In a tour-de-force of atom-scale engineering, a research team at the University of New South Wales (UNSW), Australia, has demonstrated a two-qubit gate between coupled donor atom qubits in silicon—the first time, according to the researchers, that such a feat has been accomplished (Nature, doi: 10.1038/s41586-019-1381-2). The work potentially overcomes one significant hurdle in building quantum computers with atom-based qubits on a silicon platform.
Bringing atom qubits to silicon
Atom- and ion-based qubits have some notable attractions as candidates for quantum computing. A particular plus is these systems’ long coherence times, the ability to hang onto delicate quantum information for more than instant. This and other advantages have made assemblages of ions or atoms trapped in lattices of laser beams a key locus of advances in quantum research, with some standout recent accomplishments, for example, in quantum simulation.
Technologists and engineers would like to bring some of those same advantages of atom-based qubits to silicon. In principle, that would mean that efforts to build quantum computers could leverage the infrastructure and techniques honed over decades in fashioning semiconductors for classical computers.
Moreover, as Michelle Simmons, the leader of the UNSW team, noted in a press release accompanying the research, electron-spin qubits donated by single atoms “hold the world record” for qubits in silicon under several metrics. Previous work has shown, for example, that such qubits in silicon can have coherence times in the seconds, with potential gate fidelities (and, hence, coherent control) on the order of 99.9%.
The big problem has been getting these atoms close enough together to “talk” to one another in a quantum-mechanical sense—through phenomena such as entanglement—and thus form quantum-computational logic gates, while still maintaining the ability to control and measure each atom qubit individually. As a result, while a number of research teams have demonstrated two-qubit gates in silicon using qubits bigger than individual atoms, such as quantum dots, the same feat hadn’t yet been achieved for individual-atoms-based qubits until the recent work by the UNSW team.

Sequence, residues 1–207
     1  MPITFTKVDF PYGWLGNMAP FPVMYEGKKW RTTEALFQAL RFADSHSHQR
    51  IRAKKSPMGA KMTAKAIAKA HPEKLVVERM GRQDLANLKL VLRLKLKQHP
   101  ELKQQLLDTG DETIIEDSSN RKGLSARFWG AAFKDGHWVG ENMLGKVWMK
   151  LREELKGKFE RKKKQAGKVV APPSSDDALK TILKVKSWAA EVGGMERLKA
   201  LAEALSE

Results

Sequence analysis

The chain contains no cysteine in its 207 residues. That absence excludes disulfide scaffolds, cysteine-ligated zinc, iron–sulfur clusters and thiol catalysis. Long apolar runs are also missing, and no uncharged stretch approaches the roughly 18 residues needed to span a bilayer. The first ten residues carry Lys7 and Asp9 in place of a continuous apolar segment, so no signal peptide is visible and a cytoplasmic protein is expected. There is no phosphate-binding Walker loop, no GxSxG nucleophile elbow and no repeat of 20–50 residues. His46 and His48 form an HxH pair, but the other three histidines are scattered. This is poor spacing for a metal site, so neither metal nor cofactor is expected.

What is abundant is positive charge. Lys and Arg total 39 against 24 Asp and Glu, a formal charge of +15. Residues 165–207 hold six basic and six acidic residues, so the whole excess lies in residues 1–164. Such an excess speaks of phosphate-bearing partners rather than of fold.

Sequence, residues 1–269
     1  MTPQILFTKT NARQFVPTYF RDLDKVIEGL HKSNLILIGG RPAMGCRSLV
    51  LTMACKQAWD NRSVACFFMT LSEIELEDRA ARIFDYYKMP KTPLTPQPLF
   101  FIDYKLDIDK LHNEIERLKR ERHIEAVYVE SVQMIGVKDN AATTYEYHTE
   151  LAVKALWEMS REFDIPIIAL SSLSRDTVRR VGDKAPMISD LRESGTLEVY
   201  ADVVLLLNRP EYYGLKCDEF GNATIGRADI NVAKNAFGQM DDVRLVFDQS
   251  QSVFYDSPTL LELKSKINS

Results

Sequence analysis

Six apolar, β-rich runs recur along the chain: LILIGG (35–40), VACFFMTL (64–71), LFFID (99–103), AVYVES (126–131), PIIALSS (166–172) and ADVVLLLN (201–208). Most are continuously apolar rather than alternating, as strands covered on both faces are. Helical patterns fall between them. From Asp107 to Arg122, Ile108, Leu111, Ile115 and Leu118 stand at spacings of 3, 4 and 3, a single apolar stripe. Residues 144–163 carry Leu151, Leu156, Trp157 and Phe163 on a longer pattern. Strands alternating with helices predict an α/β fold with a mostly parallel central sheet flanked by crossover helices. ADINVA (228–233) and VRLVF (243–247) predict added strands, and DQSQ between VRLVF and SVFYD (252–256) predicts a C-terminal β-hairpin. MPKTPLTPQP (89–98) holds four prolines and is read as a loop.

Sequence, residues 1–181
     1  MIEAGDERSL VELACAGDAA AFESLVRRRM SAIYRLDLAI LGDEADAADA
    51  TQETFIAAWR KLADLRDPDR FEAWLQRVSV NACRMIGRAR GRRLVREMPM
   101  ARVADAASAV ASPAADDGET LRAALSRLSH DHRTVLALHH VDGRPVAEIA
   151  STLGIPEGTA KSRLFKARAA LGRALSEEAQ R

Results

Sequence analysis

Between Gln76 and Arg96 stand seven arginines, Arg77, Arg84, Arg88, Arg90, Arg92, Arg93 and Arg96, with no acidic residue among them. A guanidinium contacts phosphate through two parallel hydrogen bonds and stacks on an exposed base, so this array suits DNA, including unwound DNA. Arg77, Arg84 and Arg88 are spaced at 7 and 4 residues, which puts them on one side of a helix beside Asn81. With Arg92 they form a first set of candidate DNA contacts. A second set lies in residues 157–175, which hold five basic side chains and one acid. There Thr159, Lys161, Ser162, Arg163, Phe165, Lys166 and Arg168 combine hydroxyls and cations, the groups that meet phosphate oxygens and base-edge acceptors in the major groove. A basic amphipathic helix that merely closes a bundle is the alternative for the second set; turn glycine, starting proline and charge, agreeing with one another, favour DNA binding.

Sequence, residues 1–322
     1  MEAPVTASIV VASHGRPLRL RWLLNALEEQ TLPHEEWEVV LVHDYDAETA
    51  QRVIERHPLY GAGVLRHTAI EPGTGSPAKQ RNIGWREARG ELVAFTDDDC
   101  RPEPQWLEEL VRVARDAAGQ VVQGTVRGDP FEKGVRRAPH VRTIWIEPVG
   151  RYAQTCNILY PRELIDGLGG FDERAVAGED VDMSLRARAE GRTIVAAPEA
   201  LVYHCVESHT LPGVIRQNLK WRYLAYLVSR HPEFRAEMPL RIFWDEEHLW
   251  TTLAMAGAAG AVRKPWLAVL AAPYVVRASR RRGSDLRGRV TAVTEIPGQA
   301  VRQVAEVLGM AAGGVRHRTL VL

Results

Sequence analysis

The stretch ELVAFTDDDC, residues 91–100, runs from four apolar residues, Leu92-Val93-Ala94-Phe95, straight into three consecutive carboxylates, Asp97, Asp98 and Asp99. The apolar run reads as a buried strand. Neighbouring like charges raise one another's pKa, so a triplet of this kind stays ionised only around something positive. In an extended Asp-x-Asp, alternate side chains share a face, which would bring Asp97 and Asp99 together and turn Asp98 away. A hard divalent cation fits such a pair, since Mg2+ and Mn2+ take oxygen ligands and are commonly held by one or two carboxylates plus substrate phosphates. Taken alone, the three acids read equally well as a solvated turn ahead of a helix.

STM hydrogen lithography
To create such a two-qubit gate between atom-based qubits, Simmons and her team used a technique, scanning tunneling microscope (STM) hydrogen lithography, that the research group has been honing for some 20 years.
The method begins with a natural silicon substrate—the surface of which, through a number of high-temperature chemical steps, the researchers then coat with a layer of monoatomic hydrogen. Next, the tip of an STM is used to individually pick off hydrogen atoms from that surface, creating an atom-scale lithographic mask on the surface, with nanometer precision. Finally, the surface is exposed to a phosphorous–hydrogen gas at 350 °C, leaving behind phosphorous in the exposed areas.
Qubits, transistor and leads
By applying this method, the team was able to deposit phosphorous atom qubits—a left qubit consisting of two phosphorous atoms, and a right qubit including three—separated by a mere 13 nm. (The left–right asymmetry between the number of donor atoms was engineered intentionally, according to the paper, in part to increase the tunability of the exchange interaction between the qubits.)
The researchers also used the technique to lay down associated circuitry for a quantum gate between the two qubits. That circuitry included source and drain leads, as well as a nearby single-electron transistor that serves, through weak tunnel-coupling with the qubits, as an electron reservoir and charge sensor.
The team then popped the fabricated device into 50-mK dilution refrigerator, and tested its ability to implement a particular quantum logic gate—a so-called (SWAP)½ gate—on a variety of electron spin basis states from the donor atoms. The team was able to read out the gate results with 94% fidelity.
“We were able to bring the qubit’s electrons closer or further apart, effectively turning on and off the interaction between them, a prerequisite for a quantum gate,” Yu He, one of the paper’s two lead co-authors (along with Sam Gorman), said in a press release. And the gate operation was blazingly fast, with the two-qubit SWAP exchange happening in a mere 800 ps.
In an email to OPN, Simmons noted that one of the key points of the paper was the exquisite engineering that the technique allows. “We engineer the atoms to be (around) 13nm apart, to create entanglement,” she said, “but at the same time have the control to independently measure one qubit with high fidelity, without altering the neighboring qubit despite their close proximity.”
Simmons added that the fact that the platform uses only phosphorous and silicon atoms allows (as the team had shown in previous work) “very low noise quantum circuitry.” That’s because the system “(gets) rid of any dielectrics of different materials, which typically cause charge noise and/or irregularities at the interfaces found in semiconductor quantum dots.”
In the paper, the team noted that in the long run, the hope is that, by leveraging these techniques, the group can “utilize the hallmark long coherence times that are normally associated with ion trap qubits together with the scalability of the silicon material system to realize a large-scale quantum processor.” Simmons told OPN that she and her colleagues are “excited about the possibilities,” but also noted that the work is still at an early stage. “Watch this space,” she said.
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